Nurses are one of the most at risk groups of violence at work, alongside prison and police officers, according to the Australian Institute of Criminology statistics.
Victorian nurses and midwives are still regularly, and sometimes very seriously, hurt at work by patients, visitors and intruders.
This is unacceptable and what makes it worse is that we have a way to stop the violence.
Over the past three years there has been a lot of talk about making hospitals safe places to work. There have been election promises, a parliamentary inquiry and 39 recommendations that recognised all hospital staff were entitled to a safe and secure workplace and plans to have tougher sentences for those convicted of assaulting nurses.
Talking about violence in hospitals is not enough
Both a Labor and a Coalition Government over the past decade have done the work needed to find out why we have violence in our hospitals and what needs to be done so that health services prevent and manage violence by patients, visitors and intruders.
Now we need a government prepared to make the recommendations a reality in our hospitals.
2010 Coalition state election commitments
The Baillieu, now the Napthine, Government made important election commitments contained in its ‘Coalition Nursing Statement 2010’ including:
• “Insisting that the safety of nurses in and near hospitals is a key focus - nurses should not have fear for their life and security as part of their work.”
• “We will ensure that safety is a key requirement in emergency departments in particular.”
• “Demanding an evaluation of existing anti violence measures in operation in our hospitals and health care facilities.”
• “Legislating to ensure that physical violence directed at health workers, including nurses, while engaged in their work is met with the full force of the law and sentencing reflects the seriousness of attacking a nurse.”
• “Proper occupational health and safety protections for nurses.”
2011-12 parliamentary inquiry into violence in Victorian hospitals
Following its election, the Government’s Drugs and Crime Prevention Committee Inquiry into Violence and Security Arrangements in Victorian Hospitals and, in particular, Emergency Departments took place during 2011. The committee’s final report in December 2011 made 39 comprehensive and important recommendations including:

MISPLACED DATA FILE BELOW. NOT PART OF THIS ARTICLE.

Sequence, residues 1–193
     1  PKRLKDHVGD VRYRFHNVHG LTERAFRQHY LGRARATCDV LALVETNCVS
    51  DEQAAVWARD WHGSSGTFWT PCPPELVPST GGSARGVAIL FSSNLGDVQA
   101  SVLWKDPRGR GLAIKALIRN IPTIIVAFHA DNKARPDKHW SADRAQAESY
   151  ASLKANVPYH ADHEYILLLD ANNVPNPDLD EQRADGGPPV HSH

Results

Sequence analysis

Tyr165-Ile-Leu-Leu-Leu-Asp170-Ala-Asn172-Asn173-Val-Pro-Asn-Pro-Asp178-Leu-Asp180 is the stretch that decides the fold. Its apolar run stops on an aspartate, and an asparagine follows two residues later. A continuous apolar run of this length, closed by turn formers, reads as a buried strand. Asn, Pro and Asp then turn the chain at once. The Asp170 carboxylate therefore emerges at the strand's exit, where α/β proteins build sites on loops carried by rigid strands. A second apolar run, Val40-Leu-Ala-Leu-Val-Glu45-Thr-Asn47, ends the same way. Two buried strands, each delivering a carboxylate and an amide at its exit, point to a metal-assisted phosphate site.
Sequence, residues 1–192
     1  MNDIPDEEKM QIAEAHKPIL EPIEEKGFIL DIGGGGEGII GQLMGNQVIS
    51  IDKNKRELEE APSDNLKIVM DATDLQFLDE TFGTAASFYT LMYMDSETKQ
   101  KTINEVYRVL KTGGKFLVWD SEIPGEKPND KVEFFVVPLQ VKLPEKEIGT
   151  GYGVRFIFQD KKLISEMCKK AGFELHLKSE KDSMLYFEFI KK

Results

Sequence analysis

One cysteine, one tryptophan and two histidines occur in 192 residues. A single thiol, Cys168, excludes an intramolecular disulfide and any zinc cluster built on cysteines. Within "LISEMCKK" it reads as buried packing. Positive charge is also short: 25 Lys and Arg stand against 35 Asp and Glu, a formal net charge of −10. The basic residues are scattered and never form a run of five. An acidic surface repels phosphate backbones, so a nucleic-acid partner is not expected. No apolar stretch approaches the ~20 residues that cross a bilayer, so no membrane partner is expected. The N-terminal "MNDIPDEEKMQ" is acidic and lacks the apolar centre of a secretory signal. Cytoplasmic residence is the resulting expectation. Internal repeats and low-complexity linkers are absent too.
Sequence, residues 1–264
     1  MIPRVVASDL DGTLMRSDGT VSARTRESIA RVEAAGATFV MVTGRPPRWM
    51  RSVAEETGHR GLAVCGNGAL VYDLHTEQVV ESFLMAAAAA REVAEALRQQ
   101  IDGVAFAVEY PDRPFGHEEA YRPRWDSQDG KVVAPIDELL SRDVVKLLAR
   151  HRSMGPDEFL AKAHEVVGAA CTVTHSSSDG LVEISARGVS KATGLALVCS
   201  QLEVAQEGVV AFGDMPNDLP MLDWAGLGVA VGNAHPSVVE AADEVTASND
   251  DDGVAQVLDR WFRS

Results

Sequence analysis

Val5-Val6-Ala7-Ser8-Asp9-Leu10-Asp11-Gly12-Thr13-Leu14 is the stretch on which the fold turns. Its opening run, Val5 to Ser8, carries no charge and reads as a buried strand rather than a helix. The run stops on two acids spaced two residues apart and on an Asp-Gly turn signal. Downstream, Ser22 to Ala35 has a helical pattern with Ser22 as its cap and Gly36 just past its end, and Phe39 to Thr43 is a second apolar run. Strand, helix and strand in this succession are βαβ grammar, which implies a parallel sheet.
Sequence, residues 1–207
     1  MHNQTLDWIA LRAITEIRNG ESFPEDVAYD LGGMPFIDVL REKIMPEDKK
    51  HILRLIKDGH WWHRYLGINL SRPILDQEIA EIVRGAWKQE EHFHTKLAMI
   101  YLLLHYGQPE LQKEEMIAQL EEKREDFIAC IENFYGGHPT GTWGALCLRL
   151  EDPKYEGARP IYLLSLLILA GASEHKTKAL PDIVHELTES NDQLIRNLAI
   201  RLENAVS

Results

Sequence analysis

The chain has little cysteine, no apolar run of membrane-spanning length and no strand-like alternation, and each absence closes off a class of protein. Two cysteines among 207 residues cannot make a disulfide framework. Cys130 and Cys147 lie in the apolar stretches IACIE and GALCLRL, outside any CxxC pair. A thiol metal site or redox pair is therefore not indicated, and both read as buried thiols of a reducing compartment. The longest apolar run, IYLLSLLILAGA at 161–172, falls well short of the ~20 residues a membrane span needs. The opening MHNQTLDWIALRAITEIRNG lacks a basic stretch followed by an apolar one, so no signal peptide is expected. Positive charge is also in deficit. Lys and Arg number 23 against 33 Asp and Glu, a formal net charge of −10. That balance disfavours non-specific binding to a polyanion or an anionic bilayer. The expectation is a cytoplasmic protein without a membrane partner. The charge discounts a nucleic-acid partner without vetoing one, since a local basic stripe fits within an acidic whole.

• Recommendation 3: within 12 months of the tabling of this Report there should be a fully independent evaluation of the policies, programs and other measures implemented as a result of the recommendations in the Victorian Taskforce on Violence in Nursing: final report.
This has not happened, nor is ANMF aware of any plans for this to happen.
• Recommendation 5: a specific offence of assaulting, obstructing, hindering or delaying a hospital or health worker or a licensed security guard or emergency worker in the execution or performance of their duties be considered in Victoria.
Attorney-General Robert Clark issued a media release on 26 April 2012 “Tougher sentences on the way for attacks on police and emergency workers” There are still no new laws or draft amendments.
• Recommendation 8: hospitals should be encouraged to form security and aggression management committees and teams with representation from executive management, security staff, medical, nursing and allied staff including, where relevant, members of mental health and alcohol and drug teams.
• Recommendation 18: as outlined in the Victorian Taskforce on Violence in Nursing: final report, standardised Code Grey (unarmed threat or aggressive behaviour that threatens injury) and Code Black (armed threat using a weapon or where there is a serious threat) responses be introduced into all Victorian hospitals. The St Vincent’s Hospital security response may serve as an appropriate model.
There are still Victorian hospitals that do not have a Code Grey or Code Black policy.
• Recommendation 23: in-house comprehensive induction and ongoing accredited education and training be provided to medical, nursing, allied health and security staff, especially emergency department staff, on violence and aggression prevention, procedures and practices. Such training should include but not be restricted to early recognition, restraint and de-escalation techniques along with reporting requirements and procedures. It should, wherever possible, be conducted jointly with health and security groups.
This is not happening on a systematic and regular basis in all hospitals.
In its response to the report in June last year the government supported almost half of the recommendations ‘in principle’ only and its half-hearted implementation means the Napthine Government is wasting a precious opportunity to reform our health system and make hospitals safe for staff, patients and visitors.
We have the solution to stopping the violence in Victorian hospitals
The Government’s Drugs and Crime Prevention Committee Inquiry into Violence and Security Arrangements in Victorian Hospitals recommended practical, evidenced-based measures that will help hospitals deal with the increasingly challenging, violent and aggressive patient, visitor and intruder behaviours. We need those measures to be a reality in our hospitals.
Every day that the inquiry’s recommendations are allowed to gather dust is another day nurses and midwives are at risk of being hurt at work.
Please sign this petition so the Napthine Government and the Victorian Opposition understand we want our political leaders to take violence seriously and make our health system safe.